The Courage to be Disliked, quote on freedom

PHILOSOPHER: Yes, it is one’s instinctive desires, one’s impulsive desires. Now, if one were to say that living like a stone tumbling downhill and allowing such inclinations or desires or impulses to take one wherever they will is “freedom,” one would be incorrect. To live in such a way is only to be a slave to one’s desires and impulses. Real freedom is an attitude akin to pushing up one’s tumbling self from below.

YOUTH: Pushing oneself up from below?

PHILOSOPHER: A stone is powerless. Once it has begun to roll downhill, it will continue to roll until released from the natural laws of gravity and inertia. But we are not stones. We are beings who are capable of resisting inclination. We can stop our tumbling selves and climb uphill. The desire for recognition is probably a natural desire. So are you going to keep rolling downhill in order to receive recognition from others? Are you going to wear yourself down like a rolling stone, until everything is smoothed away? When all that is left is a little round ball, would that be “the real I”? It cannot be.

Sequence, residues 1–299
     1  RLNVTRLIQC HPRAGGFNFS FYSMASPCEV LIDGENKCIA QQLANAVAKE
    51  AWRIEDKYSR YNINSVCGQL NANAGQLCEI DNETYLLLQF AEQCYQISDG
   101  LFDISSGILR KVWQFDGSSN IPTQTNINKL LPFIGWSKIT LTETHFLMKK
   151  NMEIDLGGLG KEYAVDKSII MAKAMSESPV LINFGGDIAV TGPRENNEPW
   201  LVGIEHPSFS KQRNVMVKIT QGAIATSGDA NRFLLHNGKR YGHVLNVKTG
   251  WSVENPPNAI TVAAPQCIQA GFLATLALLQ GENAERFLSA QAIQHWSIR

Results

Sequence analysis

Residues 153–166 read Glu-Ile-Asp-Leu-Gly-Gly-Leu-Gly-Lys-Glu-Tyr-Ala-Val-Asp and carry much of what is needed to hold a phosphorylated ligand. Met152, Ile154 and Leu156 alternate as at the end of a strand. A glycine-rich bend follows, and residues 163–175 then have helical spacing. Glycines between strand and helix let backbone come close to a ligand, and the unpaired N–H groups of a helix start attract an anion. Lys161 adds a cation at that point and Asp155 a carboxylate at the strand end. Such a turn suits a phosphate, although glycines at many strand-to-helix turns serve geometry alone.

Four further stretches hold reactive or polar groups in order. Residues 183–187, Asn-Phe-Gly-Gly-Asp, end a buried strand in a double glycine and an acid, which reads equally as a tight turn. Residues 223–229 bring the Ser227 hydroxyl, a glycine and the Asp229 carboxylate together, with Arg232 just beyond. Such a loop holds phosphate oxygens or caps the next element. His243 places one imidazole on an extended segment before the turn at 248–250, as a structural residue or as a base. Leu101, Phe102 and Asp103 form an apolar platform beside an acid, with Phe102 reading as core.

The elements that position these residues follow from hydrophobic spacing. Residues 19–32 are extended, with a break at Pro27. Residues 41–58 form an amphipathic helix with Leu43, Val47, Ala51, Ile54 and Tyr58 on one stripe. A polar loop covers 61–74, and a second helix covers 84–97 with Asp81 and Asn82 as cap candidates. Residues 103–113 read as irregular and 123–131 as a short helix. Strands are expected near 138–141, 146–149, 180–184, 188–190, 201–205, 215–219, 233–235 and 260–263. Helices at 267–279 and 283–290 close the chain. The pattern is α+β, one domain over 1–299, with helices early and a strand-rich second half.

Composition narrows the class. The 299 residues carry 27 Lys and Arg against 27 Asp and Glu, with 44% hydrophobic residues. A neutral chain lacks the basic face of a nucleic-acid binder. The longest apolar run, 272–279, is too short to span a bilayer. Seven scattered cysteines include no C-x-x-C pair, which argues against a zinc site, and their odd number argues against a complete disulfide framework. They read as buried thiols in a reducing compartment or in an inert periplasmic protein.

Kishimi, Ichiro. The Courage to Be Disliked: The Japanese Phenomenon That Shows You How to Change Your Life and Achieve Real Happiness (p. 143). Atria Books.